Both these data points are reported in the Federal Reserve G17 data base. The index had an all-time high of 106.70 in November 2014 and has trended down ever since. The good news is that the three month moving average (3MMA) had positive growth month/month in June for the first time since September last year. In June M/M growth on a three month moving average basis, was positive 0.6 percent but the 3MMA growth on a Y/Y basis was negative 1.2 percent.
This means that momentum is positive since there was a short term (3 months) improvement compared to the longer term (12 months) decline. We place less emphasis on the actual numbers than we do direction and we conclude that the June data suggests an improvement in industrial production. Momentum has been positive for 11 straight months. Figure 1 shows the 3MMA of the index and the Y/Y growth. On this Y/Y basis the negativity is decreasing. Data is seasonally adjusted and the index is based on the May 2012 level being defined as 100.
The July federal reserve beige Book was released on Wednesday last week and had this to say: Manufacturing activity was mixed since the previous report. The reporting Districts noted that the outlook remained positive but deteriorated. Activity declined in Richmond and Dallas, remained unchanged in Cleveland and San Francisco, and increased in Boston and Atlanta, but at a slower pace than previously reported. Activity continued to increase at a modest pace in Chicago and Minneapolis. Several Districts reported a rebound following a decline in the previous reporting period, including New York, Philadelphia, St. Louis, and Kansas City. Several Districts reported strength in aircraft and automobile manufacturing, although contacts in Cleveland noted that year-to-date production of automobiles is lower than at this time last year. Conditions in the primary metals industry were mixed: Contacts in Philadelphia and Dallas reported declines in new orders and weaker activity, while contacts in Cleveland and Chicago reported an increase in demand for steel. In Boston, Chicago, and Minneapolis, manufacturers with ties to the energy sector reported weakness.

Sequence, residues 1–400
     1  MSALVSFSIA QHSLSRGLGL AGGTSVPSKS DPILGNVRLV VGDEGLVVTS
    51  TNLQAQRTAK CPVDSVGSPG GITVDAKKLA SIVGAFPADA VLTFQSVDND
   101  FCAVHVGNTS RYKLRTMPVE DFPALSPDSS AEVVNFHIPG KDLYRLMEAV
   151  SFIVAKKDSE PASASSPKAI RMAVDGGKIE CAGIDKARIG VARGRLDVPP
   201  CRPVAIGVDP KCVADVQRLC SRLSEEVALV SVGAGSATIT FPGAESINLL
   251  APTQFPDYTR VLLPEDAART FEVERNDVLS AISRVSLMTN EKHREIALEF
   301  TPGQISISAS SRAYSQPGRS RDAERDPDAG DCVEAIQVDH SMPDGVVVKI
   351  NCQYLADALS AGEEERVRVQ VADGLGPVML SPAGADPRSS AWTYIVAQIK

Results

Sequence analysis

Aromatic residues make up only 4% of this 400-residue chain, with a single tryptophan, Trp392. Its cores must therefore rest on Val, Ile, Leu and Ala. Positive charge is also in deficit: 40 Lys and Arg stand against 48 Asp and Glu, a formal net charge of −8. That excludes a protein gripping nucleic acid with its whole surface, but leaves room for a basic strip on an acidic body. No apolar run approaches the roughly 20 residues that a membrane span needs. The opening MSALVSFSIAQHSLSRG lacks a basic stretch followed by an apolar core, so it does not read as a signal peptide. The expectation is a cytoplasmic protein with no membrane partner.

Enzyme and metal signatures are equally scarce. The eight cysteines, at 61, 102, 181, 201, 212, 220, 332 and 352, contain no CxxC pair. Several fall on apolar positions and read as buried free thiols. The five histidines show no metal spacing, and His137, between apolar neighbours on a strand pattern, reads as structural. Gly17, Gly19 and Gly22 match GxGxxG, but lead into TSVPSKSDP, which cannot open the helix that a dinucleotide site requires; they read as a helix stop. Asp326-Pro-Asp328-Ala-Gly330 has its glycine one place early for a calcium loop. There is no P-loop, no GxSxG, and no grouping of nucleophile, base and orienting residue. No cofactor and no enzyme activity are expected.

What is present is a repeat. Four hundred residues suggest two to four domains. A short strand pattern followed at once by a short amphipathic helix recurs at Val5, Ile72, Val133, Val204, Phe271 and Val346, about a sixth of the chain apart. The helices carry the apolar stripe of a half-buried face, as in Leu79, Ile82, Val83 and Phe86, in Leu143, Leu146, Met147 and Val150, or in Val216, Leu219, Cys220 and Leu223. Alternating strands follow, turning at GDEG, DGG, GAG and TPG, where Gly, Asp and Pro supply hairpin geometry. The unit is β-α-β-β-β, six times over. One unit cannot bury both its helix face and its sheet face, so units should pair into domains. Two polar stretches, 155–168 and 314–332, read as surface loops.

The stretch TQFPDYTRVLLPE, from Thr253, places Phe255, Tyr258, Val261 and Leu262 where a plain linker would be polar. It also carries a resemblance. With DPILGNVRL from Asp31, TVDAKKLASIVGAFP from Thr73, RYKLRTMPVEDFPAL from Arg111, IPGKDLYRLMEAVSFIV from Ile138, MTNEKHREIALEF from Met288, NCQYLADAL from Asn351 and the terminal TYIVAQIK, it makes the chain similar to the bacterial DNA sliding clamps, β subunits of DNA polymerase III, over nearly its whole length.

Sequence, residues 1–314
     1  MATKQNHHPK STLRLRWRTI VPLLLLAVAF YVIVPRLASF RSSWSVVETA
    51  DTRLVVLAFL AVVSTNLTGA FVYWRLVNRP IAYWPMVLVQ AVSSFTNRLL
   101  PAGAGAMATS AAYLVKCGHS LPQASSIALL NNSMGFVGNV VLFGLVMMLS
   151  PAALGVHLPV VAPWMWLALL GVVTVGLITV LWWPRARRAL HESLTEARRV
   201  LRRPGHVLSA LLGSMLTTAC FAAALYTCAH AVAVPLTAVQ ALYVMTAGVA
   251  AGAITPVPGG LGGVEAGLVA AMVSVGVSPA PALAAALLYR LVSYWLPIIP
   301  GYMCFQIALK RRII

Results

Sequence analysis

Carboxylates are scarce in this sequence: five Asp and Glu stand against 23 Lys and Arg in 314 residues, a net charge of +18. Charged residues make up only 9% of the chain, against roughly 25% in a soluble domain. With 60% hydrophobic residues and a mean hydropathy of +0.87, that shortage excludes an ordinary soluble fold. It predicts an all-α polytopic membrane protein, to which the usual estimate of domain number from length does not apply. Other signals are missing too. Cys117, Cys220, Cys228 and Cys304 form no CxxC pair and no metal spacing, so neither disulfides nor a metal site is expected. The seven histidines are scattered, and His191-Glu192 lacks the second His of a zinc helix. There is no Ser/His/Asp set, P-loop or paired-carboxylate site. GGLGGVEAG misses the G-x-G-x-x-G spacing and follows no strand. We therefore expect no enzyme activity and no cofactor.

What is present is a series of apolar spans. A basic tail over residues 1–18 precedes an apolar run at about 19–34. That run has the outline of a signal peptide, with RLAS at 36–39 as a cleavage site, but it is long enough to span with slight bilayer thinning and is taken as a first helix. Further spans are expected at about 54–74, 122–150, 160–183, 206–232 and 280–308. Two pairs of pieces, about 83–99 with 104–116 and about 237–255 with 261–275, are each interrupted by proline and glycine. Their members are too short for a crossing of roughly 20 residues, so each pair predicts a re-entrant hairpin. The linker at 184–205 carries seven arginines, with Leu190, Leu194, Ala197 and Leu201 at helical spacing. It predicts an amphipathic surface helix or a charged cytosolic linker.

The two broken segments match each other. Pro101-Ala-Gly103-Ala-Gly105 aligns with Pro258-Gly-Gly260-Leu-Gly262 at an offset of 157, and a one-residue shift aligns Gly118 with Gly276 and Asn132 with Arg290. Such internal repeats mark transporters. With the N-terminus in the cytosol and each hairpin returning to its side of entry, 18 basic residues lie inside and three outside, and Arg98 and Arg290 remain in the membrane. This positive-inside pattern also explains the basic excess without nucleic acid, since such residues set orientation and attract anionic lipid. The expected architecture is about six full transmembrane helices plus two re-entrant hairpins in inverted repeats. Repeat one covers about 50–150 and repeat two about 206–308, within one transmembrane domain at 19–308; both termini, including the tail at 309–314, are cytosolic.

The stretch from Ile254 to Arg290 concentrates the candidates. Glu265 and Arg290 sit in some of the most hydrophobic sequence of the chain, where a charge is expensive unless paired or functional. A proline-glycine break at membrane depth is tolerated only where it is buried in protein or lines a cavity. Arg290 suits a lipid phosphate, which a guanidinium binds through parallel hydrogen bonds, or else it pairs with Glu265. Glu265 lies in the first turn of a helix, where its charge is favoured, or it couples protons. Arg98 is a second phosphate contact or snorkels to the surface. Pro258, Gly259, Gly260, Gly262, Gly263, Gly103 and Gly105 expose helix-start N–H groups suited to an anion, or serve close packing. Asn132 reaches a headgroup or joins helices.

Manufacturing capacity utilization was 75.07 percent in June with a 3MMA of 74.98 percent (Figure 2).
In January last year, utilization exceeded 76 percent for the first time since the recession and has been slowly declining ever since. Regarding the June result the Fed had this to say: “Capacity utilization for manufacturing increased 0.3 percentage point in June to 75.1 percent, a rate that is 3.4 percentage points below its long-run average. The operating rate for durables moved up 0.6 percentage point to 76.1 percent, while the rates for nondurables and other manufacturing (publishing and logging) fell to 74.8 percent and 62.5 percent, respectively. The operating rate for mining moved up 0.4 percentage point to 73.6 percent, and the rate for utilities jumped nearly 2 percentage points to 79.3 percent.”
SMU Comment: Signals about the state of the manufacturing sector have been erratic this year. Manufacturing employment growth was dismal in February and March and in the first six months of 2016 lost 26,000 jobs through June had a positive gain of 14,000. This IP report suggests positive growth in the short term with positive momentum. In March this year the ISM manufacturing index signaled positive growth by exceeding 50 for the first time since August last year. In June the index stood at 53.2, its highest level since January 2015. The 3MMA of the ISM index became positive in April for the first time since last October (Figure 3).
We regard the ISM index as “leading” therefore combined with positive momentum in the IP index our expectations for manufacturing in the short term are positive. At SMU we try to examine two or three measures of the same activity as a reality check and on this basis manufacturing is flashing positive. Stay tuned!
Peter WrightRead more from Peter Wright
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